Toothpaste has come a long way since its early days, when it was made from materials, such as powdered ox hooves and crushed oyster shells. If you wander down the toothpaste aisle at your local store, you'll see lots of options on the shelves, from anti-cavity fluoride toothpaste to whitening toothpaste and from sensitive teeth toothpaste to all-natural salt toothpaste.
You might pause near the salt toothpastes and wonder if brushing your teeth with it will really help keep them clean and healthy. Understanding what the toothpaste contains and how it can help clean your teeth and gums may help you determine if salt toothpaste is right for you.
What's in Salt Toothpaste
A key ingredient in salt toothpaste is sodium chloride, aka table salt. The salt works as a gentle abrasive, helping to remove stains from the teeth. Some salt toothpastes, like Colgate Baking Soda & Peroxide Whitening Bubbles toothpaste, also contain baking soda, which is another type of salt (sodium bicarbonate).
One ingredient that is often missing from salt toothpastes is fluoride, which is itself a type of salt. As the American Dental Association (ADA) points out, fluoride plays a big role in helping prevent cavities. The mineral helps strengthen teeth and rebuild enamel. In order for a toothpaste in the U.S. to earn the seal of approval from the ADA, it must contain fluoride.
Using the Toothpaste
The directions for using salt toothpaste are slightly different from how you would brush your teeth with a fluoride toothpaste. When you brush your teeth with a fluoride toothpaste, you first wet the brush, then squeeze a small amount of the toothpaste. When you brush with a salt toothpaste, the brush should be dry when you add the toothpaste to it. If the brush is wet, the toothpaste will slip right off and you won't get the results you want.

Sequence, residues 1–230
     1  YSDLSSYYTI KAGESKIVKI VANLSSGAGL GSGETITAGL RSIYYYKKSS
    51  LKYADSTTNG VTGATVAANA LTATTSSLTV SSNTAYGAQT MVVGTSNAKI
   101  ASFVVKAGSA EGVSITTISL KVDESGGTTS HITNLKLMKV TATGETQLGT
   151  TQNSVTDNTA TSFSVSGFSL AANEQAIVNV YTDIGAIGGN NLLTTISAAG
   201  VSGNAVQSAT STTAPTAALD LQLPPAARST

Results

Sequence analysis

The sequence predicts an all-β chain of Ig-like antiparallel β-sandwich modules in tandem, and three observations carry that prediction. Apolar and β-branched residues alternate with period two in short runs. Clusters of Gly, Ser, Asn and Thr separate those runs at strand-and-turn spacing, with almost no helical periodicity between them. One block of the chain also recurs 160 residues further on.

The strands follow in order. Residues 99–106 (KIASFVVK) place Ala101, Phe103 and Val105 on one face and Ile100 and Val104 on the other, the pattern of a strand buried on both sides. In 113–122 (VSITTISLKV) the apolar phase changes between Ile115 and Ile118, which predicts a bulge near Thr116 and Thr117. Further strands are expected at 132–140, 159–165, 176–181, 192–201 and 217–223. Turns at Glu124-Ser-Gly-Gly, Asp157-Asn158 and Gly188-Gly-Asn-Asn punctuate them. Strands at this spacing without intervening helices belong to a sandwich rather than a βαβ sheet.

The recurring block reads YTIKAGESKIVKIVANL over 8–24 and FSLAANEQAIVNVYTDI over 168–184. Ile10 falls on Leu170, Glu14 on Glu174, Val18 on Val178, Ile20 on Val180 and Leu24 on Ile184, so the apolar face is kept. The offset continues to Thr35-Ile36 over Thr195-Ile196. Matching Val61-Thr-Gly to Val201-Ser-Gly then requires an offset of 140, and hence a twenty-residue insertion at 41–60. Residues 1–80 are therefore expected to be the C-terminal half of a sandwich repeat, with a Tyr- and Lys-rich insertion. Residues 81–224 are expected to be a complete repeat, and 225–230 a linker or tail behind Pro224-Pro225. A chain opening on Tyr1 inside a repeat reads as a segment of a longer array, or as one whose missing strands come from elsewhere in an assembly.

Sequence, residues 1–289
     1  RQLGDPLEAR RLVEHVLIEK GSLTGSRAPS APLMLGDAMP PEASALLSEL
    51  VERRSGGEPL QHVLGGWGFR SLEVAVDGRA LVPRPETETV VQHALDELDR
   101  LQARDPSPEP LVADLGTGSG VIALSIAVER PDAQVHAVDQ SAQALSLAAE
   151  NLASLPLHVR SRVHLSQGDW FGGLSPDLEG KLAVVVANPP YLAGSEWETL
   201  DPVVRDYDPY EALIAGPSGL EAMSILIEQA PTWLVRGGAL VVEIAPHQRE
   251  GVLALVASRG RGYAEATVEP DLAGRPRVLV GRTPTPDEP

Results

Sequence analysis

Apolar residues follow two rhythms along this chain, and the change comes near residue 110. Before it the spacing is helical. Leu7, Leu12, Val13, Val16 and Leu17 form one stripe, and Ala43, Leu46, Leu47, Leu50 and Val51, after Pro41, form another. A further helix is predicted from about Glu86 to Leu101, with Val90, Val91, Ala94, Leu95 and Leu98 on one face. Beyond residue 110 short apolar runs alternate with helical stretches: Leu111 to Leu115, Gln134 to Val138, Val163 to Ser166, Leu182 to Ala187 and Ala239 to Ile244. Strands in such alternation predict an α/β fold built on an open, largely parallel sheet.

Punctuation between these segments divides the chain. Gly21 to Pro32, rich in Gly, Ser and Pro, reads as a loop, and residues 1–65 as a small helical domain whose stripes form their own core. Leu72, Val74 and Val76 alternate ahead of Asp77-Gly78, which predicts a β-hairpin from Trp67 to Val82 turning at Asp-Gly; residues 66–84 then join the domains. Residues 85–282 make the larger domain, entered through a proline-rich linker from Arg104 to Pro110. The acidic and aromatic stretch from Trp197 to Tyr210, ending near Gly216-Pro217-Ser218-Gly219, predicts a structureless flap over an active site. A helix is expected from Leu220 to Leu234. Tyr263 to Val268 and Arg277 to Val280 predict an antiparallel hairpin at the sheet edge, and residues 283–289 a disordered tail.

How Does Salt Help Your Mouth?
Salt can help your teeth and gums in a few ways. First, salt helps stimulate the production of saliva in the mouth. As the National Institute of Dental and Craniofacial Research notes, saliva contains several minerals that help strengthen the enamel on the teeth, including phosphate and calcium. The increased flow of saliva can help protect the teeth from acids and bacteria that cause decay. Salt can also help reduce inflammation and swelling in the gums, thus minimizing gingivitis symptoms.
Brushing with Salt vs. Using Toothpaste
If using a toothpaste that contains salt can help keep your teeth clean, would you be able to save money and get the same results by simply dipping your toothbrush in some sea salt? Not quite. Salt toothpastes typically contain a number of other ingredients, such as glycerin, silica and resins, that results in a paste-like consistency. The mix of ingredients helps make the toothpaste less abrasive on the teeth. In contrast, salt on its own is going to be very abrasive and may damage the enamel.
Before you switch toothpastes and give up on using one that contains fluoride, talk to your dentist. He or she will be able to help you choose the best toothpaste for your specific needs and can provide guidance on the ways to brush and floss for optimal oral health.